Ellen is interested in the politics of the digital identity, in particular, the sacrifices made by users of technology in order to enable us to live in the new conditions of existence (Émile Durkheim). There are unavoidable sacrifices of our privacy and person made in the name of participation; participation in a culture of which we inextricably are a part of. In this sense it is a false choice, we participate or we are left outside. Our digital footprint demonstrates that our actions and desires can be predicted algorithmically and by all indication, they can also be influenced. This is exploited for capital gain. The contracts we sign, both unread and unreadable, with a click of our screens make a mockery of meaningful consent.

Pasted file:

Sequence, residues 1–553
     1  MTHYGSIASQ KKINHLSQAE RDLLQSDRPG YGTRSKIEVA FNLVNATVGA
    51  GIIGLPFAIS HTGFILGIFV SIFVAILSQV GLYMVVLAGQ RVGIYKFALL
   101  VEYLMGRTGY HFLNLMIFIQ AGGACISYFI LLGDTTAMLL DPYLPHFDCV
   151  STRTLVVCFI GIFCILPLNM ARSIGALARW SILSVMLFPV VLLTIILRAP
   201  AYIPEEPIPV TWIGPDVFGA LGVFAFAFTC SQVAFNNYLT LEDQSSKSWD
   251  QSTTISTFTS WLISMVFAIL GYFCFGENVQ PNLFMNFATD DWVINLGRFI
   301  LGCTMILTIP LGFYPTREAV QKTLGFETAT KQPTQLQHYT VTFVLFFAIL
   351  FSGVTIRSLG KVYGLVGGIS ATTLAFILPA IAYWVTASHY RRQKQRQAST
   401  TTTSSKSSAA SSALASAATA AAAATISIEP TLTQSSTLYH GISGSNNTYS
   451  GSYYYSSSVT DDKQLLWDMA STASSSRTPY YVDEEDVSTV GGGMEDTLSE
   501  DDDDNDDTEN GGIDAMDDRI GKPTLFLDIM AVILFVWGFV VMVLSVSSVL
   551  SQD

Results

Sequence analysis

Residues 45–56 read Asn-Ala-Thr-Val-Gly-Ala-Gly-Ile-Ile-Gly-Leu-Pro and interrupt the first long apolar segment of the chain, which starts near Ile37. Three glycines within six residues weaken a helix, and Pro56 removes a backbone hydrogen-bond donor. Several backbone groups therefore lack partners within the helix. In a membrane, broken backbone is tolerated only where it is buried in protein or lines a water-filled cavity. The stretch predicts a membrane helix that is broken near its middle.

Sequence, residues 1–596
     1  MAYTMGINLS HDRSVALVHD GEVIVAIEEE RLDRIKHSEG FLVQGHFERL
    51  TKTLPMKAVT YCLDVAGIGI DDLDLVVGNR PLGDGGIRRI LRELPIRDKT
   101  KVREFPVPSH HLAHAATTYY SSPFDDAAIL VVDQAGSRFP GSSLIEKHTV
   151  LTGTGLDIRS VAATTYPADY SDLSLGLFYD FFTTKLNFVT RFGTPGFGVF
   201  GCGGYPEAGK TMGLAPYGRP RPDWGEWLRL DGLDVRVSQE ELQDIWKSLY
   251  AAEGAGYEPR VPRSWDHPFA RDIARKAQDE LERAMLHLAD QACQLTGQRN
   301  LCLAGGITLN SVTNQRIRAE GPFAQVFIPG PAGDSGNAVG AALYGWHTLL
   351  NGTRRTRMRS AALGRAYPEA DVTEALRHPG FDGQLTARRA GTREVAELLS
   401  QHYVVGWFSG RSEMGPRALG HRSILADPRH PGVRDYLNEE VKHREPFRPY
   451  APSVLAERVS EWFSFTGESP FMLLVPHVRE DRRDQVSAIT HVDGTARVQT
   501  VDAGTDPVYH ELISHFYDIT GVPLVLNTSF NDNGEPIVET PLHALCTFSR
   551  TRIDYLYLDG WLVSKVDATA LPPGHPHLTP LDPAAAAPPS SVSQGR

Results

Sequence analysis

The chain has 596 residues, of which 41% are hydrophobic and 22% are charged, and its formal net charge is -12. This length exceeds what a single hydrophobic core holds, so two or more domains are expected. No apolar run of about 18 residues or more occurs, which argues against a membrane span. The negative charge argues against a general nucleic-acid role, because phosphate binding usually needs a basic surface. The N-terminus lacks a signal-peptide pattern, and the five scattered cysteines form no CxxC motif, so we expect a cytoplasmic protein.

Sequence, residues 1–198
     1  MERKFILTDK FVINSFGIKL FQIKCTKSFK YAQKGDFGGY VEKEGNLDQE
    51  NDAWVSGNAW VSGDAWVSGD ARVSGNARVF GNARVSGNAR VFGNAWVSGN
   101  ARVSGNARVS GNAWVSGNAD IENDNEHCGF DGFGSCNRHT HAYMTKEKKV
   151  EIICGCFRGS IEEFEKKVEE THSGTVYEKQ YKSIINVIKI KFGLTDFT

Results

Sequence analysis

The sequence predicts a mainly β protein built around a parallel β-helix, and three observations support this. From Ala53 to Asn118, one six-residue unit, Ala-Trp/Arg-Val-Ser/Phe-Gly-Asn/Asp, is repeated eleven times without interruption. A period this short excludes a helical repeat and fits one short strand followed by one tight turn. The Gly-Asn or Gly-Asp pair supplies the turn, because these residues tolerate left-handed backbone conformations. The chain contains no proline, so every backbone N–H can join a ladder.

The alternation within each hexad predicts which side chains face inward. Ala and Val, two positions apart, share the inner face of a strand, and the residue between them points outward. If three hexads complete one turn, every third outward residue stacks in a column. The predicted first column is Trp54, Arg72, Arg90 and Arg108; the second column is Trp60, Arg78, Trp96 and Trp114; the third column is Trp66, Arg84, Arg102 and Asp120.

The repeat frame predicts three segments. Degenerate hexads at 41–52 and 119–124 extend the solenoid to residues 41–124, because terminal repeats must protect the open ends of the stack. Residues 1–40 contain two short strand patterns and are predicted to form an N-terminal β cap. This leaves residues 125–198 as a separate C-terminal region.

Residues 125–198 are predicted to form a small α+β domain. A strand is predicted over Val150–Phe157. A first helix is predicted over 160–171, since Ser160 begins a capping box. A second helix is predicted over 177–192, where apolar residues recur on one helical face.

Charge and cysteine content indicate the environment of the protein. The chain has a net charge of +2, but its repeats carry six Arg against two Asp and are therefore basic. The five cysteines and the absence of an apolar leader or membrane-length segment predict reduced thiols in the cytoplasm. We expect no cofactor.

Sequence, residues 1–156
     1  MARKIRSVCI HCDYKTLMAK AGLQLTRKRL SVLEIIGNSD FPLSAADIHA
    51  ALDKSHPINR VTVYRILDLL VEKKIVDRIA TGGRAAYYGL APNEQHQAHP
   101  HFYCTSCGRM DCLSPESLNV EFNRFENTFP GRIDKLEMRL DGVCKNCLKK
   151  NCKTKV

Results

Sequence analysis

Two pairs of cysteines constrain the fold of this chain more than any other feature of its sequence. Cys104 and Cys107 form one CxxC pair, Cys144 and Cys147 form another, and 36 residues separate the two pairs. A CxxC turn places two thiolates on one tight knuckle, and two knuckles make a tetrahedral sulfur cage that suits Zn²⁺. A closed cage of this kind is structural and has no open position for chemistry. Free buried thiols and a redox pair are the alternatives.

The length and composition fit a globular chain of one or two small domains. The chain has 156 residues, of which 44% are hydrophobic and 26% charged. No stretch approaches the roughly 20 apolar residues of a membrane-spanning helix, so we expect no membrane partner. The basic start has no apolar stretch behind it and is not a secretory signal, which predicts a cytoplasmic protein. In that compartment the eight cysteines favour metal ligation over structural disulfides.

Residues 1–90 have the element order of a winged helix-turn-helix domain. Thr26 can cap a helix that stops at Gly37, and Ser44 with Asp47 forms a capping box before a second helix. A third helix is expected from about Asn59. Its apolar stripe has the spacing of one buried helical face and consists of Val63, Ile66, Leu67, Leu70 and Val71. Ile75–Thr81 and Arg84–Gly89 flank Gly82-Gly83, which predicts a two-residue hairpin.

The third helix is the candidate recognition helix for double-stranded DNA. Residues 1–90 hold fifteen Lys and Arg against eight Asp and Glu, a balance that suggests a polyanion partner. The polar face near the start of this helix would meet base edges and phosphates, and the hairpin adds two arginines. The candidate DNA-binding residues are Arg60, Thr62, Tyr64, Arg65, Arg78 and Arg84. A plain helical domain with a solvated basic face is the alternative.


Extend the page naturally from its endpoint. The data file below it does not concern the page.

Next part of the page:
In Flesh d'Lite Sleeman-Taylor is interested in the body and in the ownership of the 'soul'. In Discipline and Punish, Foucault describes the transition of the punitive system from openly cruel, exhibitory displays of their power and ownership over the bodies of the citizens they govern, towards the hidden, the quiet and with outward appearance of rehabilitation characteristic of the prison system. He describes how this new system amounts to the ownership of the soul. Sleeman-Taylor extrapolates these ideas and applies them to the tech giants who are arguably more powerful and influential than some governing bodies, with unprecedented access to knowledge of the most personal nature, including literal ownership of our DNA. She explores these ideas with a series of posters laden with information, soft-sculptures and digital prints and animations. The work is a soft pink that languishes around the room, the colour of 'default flesh', as stipulated by Google's algorithm.